The good news first: the economics minister, who pursued his literary inclinations before becoming minister, has finally understood what the economic hour has come. In the interview he speaks plainly about our interests. The bad news: It’s not about Habeck, but about his French colleague.
Minister, Europe is in a difficult situation, energy shock, inflation, possible recession in 2023 – where do you see the greatest risks?
“The real risk for Europe is that it will be left behind as an industrial location. The European Union currently accounts for 17 percent of the world economy, up from 25 percent in 1990. China now accounts for 17 percent of the world economy, but in 1990 it was only 3 percent. So the real European risk is a technological, industrial and economic setback that would leave the global economy to the United States and China.”
What exactly do you have in mind?
“Our industry is already suffering from a competitive disadvantage from the difference in energy prices between the US and Europe. The massive subsidies that the US Inflation Reduction Act (IRA) is now envisaging threaten to widen the gap even further. I demand a coordinated, united and strong response to our American allies.”
How specifically should the EU react to the US?
“We expect resolute proposals from the EU Commission – for example, to pay more attention to our interests in environmental protection when importing, or rules to give preference to European products. In addition, it is imperative that we lower energy prices in Europe.”
Are we running into a subsidy race?
“We reject a subsidy race. In some cases, however, the subsidies offered by the US government are four to ten times the maximum state support allowed by the European Commission here. Our first estimates are: Investments of ten billion euros and thousands of industrial jobs are at stake.”
Is there a need for a lawsuit against the USA at the WTO?
Gabor Steingart is one of the best-known journalists in the country. He publishes the newsletter The Pioneer Briefing. The podcast of the same name is Germany’s leading daily podcast for politics and business. Since May 2020, Steingart has been working with his editorial staff on the ship “The Pioneer One”. Before founding Media Pioneer, Steingart was, among other things, Chairman of the Management Board of the Handelsblatt Media Group. You can subscribe to his free newsletter here.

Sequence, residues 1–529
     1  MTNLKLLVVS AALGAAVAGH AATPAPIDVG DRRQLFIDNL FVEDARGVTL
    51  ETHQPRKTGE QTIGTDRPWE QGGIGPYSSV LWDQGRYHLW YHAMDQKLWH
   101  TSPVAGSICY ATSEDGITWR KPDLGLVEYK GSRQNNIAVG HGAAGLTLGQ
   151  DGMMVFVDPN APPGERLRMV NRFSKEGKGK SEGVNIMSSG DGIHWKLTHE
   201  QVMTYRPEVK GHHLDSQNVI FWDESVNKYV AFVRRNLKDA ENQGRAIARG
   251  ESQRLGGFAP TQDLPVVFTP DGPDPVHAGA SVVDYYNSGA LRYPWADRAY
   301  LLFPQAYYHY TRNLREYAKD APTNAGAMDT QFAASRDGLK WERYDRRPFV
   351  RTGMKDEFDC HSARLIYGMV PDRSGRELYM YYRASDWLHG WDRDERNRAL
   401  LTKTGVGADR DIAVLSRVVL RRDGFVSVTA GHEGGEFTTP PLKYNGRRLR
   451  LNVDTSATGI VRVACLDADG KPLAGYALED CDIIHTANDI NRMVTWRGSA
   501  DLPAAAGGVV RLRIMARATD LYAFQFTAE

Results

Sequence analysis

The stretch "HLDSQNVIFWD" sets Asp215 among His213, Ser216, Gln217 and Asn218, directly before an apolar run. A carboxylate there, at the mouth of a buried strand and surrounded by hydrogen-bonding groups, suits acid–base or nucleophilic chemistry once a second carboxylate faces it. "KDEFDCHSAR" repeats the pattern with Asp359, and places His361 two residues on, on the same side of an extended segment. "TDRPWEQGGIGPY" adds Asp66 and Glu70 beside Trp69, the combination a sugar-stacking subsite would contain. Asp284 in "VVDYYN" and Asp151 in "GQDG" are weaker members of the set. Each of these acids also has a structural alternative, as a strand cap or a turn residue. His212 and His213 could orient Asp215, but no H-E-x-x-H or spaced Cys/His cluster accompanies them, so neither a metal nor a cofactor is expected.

“Europe must defend its interests. Nobody is giving the Europeans anything, neither China nor the USA. The crucial question is this: do we want Europe to remain one of the three great economic powers of the 21st century?”
The bad news follows. This clear-sighted Minister of Economics, who is oriented towards European interests, is not called Robert Habeck, but Bruno Le Maire. He doesn’t live in Berlin, but in Paris. The only thing they have in common is their love of literature. Bruno Le Maire has also published several books of fiction, which means that the profession of writer can be considered rehabilitated.
In the case of Habeck, it’s not his past as a children’s book author. It is his increasingly apparent narrowing of his worldview that obscures his view of the global shift in power and wealth. The world of business has remained alien to him, which is why he distrusts it.
Representing German and thus European business interests is not his thing, as people around Habeck would put it. He probably thinks the decline of German industry is ecological – fight climate change! – and historically – Europe first! – even for bid.
The fact is: Habeck watches without a fight as Europe’s largest economy loses ground. The hastily borrowed billions that it is now dumping across the country do not alter the structural shift we are witnessing. And which he does not address in Brussels, Washington or Beijing. Our economics minister seems to have got stuck mentally in the German gas storage facility.
When it comes to national interests, Habeck – unlike Le Maire – is a quiet man. The man from France does politics with profiled soles, the other seems to be on the road with a Birkenstock. In the USA, where Germany and France are being boiled off as part of the energy price crisis, Habeck’s footprint cannot be seen or felt.
He prefers to rub shoulders with Finance Minister Christian Lindner than with the major economic powers. For the most obvious decision in the world, the continued operation of the three German nuclear power plants, he needed instructions from the Chancellor. He, in turn, took business leaders with him on his trip to China, but not the Minister of Economics. Scholz knows why.
Conclusion: There are many ways to betray German and French interests in the global game of economic powers. Habeck’s silence is the most effective. Interests are also betrayed by ignoring them.
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Hasan Alkas is a professor of microeconomics with a focus on international markets, he was an advisor to the Minister of Transport and Communications in Turkey for several years and worked at the European Commission in industrial policy. He loves Germany, but he ruthlessly exposes Germany’s weaknesses.
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